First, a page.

The Culture of the New Capitalism

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Yale University Press, 2006 - Business & Economics - 214 pages
The distinguished sociologist Richard Sennett here surveys major differences between earlier forms of industrial capitalism and the more global, more febrile, ever more mutable version of capitalism that is taking its place. He shows how these changes affect everyday life - how the work ethic is changing; how new beliefs about merit and talent displace old values of craftsmanship and achievement; how what Sennett calls the spectre of uselessness' haunts professionals as well as manual workers; how the boundary between consumption and politics is dissolving. In recent years, reformers of both private and public institutions have preached that flexible, global corporations provide a model of freedom for individuals, unlike the experience of fixed and static bureaucracies Max Weber once called an iron cage. Sennett argues that, in banishing old ills, the new-economy model has instead created new social and emotional traumas. Only a certain kind of human being can prosper in unstable, fragmentary institutions: the culture of the new capitalism demands an ideal self oriented to the short-term, focused on potential ability rather than accomplishment, willing to discount or abandon past experience. In a concluding section, Sennett examines a more durable form of self-hood, and what practical initiatives could counter the pernicious effects of 'reform'.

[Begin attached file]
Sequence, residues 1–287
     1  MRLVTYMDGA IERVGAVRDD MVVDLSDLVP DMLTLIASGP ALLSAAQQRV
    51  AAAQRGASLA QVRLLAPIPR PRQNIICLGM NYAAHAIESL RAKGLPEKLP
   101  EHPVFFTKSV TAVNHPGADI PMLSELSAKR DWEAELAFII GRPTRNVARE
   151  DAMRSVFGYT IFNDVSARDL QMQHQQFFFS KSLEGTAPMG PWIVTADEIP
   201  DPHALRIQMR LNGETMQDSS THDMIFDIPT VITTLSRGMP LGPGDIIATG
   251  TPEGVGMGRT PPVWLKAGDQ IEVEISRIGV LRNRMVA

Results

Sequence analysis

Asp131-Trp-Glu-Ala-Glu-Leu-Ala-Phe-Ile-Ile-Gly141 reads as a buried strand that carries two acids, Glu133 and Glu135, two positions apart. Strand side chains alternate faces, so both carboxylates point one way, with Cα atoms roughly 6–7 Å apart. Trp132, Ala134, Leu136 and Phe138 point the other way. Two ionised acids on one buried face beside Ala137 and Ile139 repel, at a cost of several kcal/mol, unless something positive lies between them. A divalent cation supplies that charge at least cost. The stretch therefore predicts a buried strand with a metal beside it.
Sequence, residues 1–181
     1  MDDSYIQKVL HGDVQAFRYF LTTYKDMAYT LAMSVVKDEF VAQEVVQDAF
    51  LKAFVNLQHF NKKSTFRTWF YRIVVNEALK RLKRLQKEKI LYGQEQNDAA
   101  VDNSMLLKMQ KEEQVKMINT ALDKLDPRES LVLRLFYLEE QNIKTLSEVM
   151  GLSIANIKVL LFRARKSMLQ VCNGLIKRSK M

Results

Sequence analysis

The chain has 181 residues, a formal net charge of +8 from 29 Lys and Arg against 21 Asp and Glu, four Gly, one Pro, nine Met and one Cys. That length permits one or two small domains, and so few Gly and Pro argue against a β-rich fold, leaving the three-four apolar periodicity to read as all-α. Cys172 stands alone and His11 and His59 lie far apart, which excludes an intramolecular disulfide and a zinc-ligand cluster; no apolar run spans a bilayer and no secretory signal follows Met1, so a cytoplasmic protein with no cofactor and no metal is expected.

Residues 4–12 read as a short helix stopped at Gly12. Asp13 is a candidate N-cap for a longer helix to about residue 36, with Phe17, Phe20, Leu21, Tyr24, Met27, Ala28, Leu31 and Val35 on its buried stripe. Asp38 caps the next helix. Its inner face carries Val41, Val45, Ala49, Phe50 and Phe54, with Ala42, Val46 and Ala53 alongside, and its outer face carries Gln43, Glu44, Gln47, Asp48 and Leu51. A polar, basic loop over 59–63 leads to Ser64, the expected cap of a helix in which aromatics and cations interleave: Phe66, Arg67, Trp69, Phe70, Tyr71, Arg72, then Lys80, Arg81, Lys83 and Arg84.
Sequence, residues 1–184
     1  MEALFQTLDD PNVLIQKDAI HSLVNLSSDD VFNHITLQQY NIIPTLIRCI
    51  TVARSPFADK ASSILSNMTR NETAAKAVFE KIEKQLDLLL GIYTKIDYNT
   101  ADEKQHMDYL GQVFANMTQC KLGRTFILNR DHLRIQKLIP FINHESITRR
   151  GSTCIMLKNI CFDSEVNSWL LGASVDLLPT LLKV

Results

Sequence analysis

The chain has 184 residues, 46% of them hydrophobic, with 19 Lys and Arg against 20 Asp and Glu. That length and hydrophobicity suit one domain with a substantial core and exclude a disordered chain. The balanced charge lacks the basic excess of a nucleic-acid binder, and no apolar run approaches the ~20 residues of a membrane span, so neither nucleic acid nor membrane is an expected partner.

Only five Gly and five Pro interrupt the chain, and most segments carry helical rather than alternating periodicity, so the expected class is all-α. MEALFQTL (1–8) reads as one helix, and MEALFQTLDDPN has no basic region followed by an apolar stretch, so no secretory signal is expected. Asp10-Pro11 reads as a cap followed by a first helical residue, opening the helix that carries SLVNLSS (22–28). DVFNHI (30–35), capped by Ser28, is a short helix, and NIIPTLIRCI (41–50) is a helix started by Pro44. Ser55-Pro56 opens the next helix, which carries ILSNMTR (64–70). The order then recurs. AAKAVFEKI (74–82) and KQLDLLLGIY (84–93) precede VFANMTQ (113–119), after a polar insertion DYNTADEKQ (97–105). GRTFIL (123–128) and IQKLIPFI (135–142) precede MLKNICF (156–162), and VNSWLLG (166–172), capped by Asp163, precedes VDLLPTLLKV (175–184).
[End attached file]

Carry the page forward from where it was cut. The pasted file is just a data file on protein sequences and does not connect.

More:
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Contents

Introduction
1
1 Bureaucracy
15
2 Talent and the Specter of Uselessness
83
3 Consuming Politics
131
4 Social Capitalism in Our Time
179
Notes
199
Index
205
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About the author (2006)

Richard Sennett teaches sociology at the London School of Economics and New York University